I received a comment regarding comments I made about PTC, spectrum availability, PTC 220, etc. in a previous post.
The comment pointed out that while the 220 spectrum was acquired by NS and UP prior to RSIA 2008, the designation of the 220 band as "the" PTC medium wasn't made an industry effort until after 2008.
I agree. However, the essential point is that Congress defined PTC by functionality not technology. The railroads opted for wireless data transmission, GPS, track databases, algorithmic based braking curves for satisfying these functional requirements. That decision took into account the already existing "ownership" of the 220 spectrum by UP and NS.
Now I'm not naive enough to think the lobbyists who wrote the legislation on behalf of Congress didn't have wireless data radios, GPS, track database, and algorithmic braking curves in mind, rather than overlaying an enforcement system based on existing track circuits, enhancing existing technologies of speed control, enhancing existing technologies for enforcing a positive stop, enhancing existing technologies for protecting work zones. But again, that decision by the railroads as to achieving compliance was a commercial decision by the railroads, not a public safety decision. So I think it's a bit of a stretch to accuse Congress or FCC of dereliction of duty by not providing, free of charge, radio spectrum to the railroads. Spectrum is, after all, a national resource.
If you ask me, and most of the time nobody is, I think commuter railroads should have "broken from the pack" with the Class 1s and not opted for the GPS, wireless data radio, WIU, GPS, BOS type system.
I think the commuter agencies should have made use of existing track circuits; should have made use of existing cab signaling technology; should have enhanced automatic speed control technology to meet the functionality requirements for PTC.
I think the commuter railroads should have then developed their own methods for taking permission to enter a work zone out of the hands of the train dispatchers and putting it into the hands of the roadway worker in charge, the EIC.
I think the more I read about wireless data transmissions, the more I like track circuits for determining occupancy. Planes have been hacked, no? Autos have been hacked, no? Does anyone seriously think that we're not going to spend the next X years playing "cat and mouse" with those whose love for playing trains, and love for coding, compels them to try and change B23T11Z's authority for movement?
The Class 1s opted for the wireless data radio/GPS/BOS/OBC system because approximately 40 percent of their trackage is dark territory-- without track circuits, without automatic block signals, without remote control and protection of mainline switches. Automatic enforcement is impossible under these conditions because occupancy cannot and is not determined in the field. Class 1s require a system that can determine occupancy "virtually," and then practically enforce the conditions ahead of, and behind, that virtual occupancy.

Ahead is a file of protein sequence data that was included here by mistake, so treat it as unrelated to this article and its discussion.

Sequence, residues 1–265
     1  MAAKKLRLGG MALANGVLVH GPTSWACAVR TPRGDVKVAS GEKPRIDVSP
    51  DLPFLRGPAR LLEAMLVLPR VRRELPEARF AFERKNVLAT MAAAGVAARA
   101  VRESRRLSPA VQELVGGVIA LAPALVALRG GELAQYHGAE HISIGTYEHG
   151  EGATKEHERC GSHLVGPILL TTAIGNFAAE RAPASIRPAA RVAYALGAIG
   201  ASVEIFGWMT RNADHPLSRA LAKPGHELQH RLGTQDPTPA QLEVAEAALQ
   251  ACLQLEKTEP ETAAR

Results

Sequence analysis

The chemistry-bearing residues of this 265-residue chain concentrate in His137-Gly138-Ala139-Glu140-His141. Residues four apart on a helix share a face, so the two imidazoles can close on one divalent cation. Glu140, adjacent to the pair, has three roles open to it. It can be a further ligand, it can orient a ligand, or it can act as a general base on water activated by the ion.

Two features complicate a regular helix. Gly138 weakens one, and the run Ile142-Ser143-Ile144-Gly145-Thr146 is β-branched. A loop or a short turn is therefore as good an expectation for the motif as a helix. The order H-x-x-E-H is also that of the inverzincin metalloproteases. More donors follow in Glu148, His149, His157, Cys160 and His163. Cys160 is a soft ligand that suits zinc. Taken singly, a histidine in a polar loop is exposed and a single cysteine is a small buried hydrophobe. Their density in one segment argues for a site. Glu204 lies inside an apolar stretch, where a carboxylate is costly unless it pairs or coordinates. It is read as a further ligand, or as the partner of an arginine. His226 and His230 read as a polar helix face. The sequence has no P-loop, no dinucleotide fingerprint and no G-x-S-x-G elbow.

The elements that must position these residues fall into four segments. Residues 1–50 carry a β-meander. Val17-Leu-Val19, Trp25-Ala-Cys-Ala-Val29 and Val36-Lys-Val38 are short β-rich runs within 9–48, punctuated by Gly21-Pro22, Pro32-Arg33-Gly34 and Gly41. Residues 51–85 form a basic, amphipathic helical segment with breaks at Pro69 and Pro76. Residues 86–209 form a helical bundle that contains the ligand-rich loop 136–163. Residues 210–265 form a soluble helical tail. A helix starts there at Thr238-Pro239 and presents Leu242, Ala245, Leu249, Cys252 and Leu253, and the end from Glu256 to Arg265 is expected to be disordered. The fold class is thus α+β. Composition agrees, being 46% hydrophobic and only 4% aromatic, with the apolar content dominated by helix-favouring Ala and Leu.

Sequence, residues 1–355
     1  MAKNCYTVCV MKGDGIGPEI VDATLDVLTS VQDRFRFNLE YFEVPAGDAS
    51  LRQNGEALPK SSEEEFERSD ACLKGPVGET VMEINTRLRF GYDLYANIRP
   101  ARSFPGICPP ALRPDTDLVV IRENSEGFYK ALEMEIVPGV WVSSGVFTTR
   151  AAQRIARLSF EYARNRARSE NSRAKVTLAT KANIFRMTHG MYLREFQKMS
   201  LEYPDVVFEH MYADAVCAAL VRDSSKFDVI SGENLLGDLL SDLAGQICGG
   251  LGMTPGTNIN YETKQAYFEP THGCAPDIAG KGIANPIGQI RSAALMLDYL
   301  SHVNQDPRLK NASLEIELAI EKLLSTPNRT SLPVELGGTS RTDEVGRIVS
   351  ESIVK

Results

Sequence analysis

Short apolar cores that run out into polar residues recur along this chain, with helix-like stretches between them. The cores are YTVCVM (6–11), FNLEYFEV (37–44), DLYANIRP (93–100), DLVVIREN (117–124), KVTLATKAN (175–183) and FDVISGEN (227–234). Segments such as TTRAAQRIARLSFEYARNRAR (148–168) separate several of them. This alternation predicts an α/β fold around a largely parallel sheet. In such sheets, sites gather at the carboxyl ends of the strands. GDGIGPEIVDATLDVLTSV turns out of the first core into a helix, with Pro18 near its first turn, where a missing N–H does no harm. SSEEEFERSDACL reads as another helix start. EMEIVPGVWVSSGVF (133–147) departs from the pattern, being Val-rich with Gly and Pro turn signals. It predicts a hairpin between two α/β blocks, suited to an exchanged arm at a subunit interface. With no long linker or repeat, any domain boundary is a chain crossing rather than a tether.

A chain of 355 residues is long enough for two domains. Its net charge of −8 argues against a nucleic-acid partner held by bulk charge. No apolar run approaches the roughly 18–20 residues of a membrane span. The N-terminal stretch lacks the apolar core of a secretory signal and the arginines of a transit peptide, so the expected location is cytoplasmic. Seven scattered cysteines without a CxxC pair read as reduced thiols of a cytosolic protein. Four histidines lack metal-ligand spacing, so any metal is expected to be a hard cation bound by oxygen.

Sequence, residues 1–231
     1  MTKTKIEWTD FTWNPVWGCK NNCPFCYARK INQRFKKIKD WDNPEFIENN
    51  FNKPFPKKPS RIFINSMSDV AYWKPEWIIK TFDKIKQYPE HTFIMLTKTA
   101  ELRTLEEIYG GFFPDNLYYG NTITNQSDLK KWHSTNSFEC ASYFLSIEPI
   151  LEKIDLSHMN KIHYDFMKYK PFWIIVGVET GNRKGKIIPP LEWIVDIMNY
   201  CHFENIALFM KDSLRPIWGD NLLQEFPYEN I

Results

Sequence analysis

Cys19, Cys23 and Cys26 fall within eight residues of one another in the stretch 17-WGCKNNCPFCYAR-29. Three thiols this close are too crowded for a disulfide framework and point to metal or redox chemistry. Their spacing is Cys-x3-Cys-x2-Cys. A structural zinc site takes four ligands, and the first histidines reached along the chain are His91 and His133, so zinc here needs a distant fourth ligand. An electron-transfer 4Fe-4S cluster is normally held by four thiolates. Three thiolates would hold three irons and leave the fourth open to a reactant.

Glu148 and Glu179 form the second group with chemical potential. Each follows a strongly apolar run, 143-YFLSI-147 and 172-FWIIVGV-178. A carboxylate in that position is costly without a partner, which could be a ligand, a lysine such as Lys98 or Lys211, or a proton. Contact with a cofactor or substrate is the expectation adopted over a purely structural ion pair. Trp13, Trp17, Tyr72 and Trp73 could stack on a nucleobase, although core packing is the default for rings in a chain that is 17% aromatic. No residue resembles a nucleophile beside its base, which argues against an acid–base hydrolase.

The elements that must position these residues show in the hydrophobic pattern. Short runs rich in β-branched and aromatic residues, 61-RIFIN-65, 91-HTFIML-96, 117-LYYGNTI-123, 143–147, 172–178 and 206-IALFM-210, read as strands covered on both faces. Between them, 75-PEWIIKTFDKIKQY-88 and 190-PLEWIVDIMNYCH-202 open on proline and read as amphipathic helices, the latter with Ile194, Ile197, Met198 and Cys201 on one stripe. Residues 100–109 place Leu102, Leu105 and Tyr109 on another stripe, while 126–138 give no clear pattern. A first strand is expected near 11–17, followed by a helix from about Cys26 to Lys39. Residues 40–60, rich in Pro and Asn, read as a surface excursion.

That constraint, dark territory operation, is not the "default" operating environment for commuter service and should not have been allowed to determine the path taken by commuter providers in satisfying the functional requirements of PTC. But.......
But it was, and it has. The problems of interoperability with the freights if the commuter lines had opted for an "in-ground" system could have been resolved through "dedicated" locomotive fleets on the part of the Class 1s and the commuter lines-- a specific set of locomotives equipped for operation over both systems, something railroads have been doing for years.
I think, and nobody's asking, that everybody has, or had, or has had, nothing but the best of intentions with regards to PTC. (Except for the Schumenthal) I think Congress had the best of intentions. I think the AAR had and has the best of intentions. I think FRA had and has the best of intentions. I think NTSB had and has the best of intentions. And I think this is where we get when everybody has the best of intentions.
So we have to accept where we are, and deal with it. We have to push out the date. There is no point pretending we don't, or demanding fines, or "heads." We have to require railroads to indeed layout how PTC will be installed in a)passenger service areas b)areas of high risk. We have to provide FRA with the resources to oversee the implementation-- the supervision of this project.
We do not have to blame the Congress for taking an action in the interests of public safety. We do not have to pretend that business interests did not inform the practical decisions regarding implementation strategies and technologies.
This is the world we live in. No whimpering.
August 13, 2015